For general medicine and surgery patients, glycemic control can be improved with the use of the short-acting GLP-1 receptor agonist exenatide both with and without basal insulin, according to findings published in Diabetes Care.
Guillermo E. Umpierrez
“Based on their mechanism of action and safety profiles, there has been a great interest in using incretin-based therapies instead of, or complementary to, an insulin-based approach to improve glycemic control in hospitalized patients with diabetes,” Guillermo E. Umpierrez, MD, professor of medicine in the division of endocrinology and metabolism at Emory University School of Medicine and the chief of diabetes and endocrinology at Grady Memorial Hospital in Atlanta, and colleagues wrote. “Use of these agents is attractive in hospitalized patients owing to their metabolic effects, such as glucose-dependent stimulation of insulin secretion and inhibition of glucagon secretion, which leads to improved glycemic control with low rates of hypoglycemia.”
Umpierrez and colleagues conducted a multicenter, prospective, open-label, randomized trial with 150 adults who were hospitalized with noncritically ill conditions at Emory University Hospital, Grady Memorial Hospital in Atlanta, Temple University Hospital in Philadelphia or Vanderbilt University Medical Center in Nashville, Tennessee. Each participant had been diagnosed with type 2 diabetes previously and treated with diet, oral agents or low-dose insulin.
Participants were randomly assigned to in-hospital treatment with exenatide (Byetta, AstraZeneca; n = 47; mean age, 55 years; 49% women; mean blood glucose at admission, 220.7 mg/dL), exenatide with basal insulin (n = 51; mean age, 55 years; 49% women; mean blood glucose at admission, 186.9 mg/dL) or a basal-bolus regimen (n = 52; mean age, 57 years; 50% women; mean blood glucose at admission, 195.1 mg/dL). The researchers assessed mean daily blood glucose concentrations as the primary outcome, but also reported hypoglycemic events, significant hypoglycemia, severe hypoglycemia and hyperglycemic events.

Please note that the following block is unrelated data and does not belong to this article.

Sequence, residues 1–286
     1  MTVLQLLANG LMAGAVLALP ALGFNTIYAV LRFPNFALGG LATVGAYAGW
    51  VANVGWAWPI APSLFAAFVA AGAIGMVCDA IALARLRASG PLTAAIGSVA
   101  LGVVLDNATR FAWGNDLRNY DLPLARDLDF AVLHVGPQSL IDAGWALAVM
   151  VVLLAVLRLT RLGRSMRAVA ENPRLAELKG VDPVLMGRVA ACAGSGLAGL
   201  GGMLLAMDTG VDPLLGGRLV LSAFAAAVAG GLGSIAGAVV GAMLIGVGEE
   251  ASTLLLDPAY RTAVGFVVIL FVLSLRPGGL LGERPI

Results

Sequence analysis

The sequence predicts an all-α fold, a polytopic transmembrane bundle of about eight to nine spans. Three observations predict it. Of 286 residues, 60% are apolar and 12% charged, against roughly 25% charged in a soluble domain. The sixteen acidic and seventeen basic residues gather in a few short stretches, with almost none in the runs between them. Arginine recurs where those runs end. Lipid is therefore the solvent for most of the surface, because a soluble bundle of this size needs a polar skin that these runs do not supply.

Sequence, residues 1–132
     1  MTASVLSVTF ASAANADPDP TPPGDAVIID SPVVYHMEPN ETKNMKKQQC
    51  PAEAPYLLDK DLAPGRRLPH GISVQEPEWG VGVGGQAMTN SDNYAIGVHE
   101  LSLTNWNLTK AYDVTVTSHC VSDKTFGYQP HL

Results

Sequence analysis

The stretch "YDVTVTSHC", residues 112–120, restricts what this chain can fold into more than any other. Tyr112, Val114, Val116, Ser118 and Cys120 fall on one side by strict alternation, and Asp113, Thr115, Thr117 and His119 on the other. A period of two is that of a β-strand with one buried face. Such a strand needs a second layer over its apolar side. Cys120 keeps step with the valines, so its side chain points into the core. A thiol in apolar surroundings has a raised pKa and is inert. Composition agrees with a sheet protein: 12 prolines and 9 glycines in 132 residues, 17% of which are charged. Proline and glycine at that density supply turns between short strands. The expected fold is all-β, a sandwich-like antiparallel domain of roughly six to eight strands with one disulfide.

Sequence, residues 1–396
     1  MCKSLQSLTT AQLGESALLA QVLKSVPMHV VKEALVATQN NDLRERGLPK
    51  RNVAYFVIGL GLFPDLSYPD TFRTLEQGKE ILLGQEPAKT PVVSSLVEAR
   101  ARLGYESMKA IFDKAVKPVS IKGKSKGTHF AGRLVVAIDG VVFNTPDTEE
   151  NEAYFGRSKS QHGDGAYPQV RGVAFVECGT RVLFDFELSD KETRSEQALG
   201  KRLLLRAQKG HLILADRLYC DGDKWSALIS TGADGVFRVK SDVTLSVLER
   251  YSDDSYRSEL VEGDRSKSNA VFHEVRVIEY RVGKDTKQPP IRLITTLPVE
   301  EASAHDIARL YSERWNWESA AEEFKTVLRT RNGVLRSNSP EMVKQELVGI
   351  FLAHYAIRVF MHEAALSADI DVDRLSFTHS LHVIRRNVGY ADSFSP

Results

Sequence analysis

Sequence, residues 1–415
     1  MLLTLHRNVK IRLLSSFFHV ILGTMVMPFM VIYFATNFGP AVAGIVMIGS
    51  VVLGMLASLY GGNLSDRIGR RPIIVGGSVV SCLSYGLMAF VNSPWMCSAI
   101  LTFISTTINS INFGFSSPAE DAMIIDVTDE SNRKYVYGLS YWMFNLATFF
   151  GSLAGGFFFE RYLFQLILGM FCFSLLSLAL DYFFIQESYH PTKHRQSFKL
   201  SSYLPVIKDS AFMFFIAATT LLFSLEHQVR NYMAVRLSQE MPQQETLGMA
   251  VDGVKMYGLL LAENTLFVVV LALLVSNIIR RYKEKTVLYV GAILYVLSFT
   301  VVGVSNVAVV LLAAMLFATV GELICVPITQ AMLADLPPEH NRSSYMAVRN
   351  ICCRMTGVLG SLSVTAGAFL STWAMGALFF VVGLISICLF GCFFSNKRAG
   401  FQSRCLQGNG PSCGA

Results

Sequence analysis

Participants who received exenatide in addition to basal insulin had lower mean blood glucose compared with exenatide therapy by itself (P = .02). The highest proportion of participants to fall within the target range for blood glucose of 70 mg/dL to 180 mg/dL was found in the exenatide plus basal insulin group (77.7%). The basal-bolus (63.3%; P = .005) and exenatide alone (62.3%; P = .07) groups had similar proportions of participants to fall within the range. In addition, participants with exenatide alone (0%) and exenatide plus basal insulin (6%) had less reported hypoglycemia compared with the basal-bolus regimen (12%), but the researchers noted that this did not reach statistical significance.
In terms of efficacy, gastrointestinal adverse effects were low in the entire cohort, and no statistically significant difference was found among the three groups, although there were more reports in both the exenatide alone and exenatide plus basal insulin groups. There was also no major difference between mean length of stay in the hospital for the three groups.
“Our results indicate that exenatide is well-tolerated and can be used safely in non-ICU hospital settings,” the researchers wrote. – by Phil Neuffer
Disclosures: This study was supported by AstraZeneca. Umpierrez reports that he has received unrestricted research support for inpatient studies from AstraZeneca, Merck, Novo Nordisk and Sanofi. Please see the study for all other authors’ relevant financial disclosures.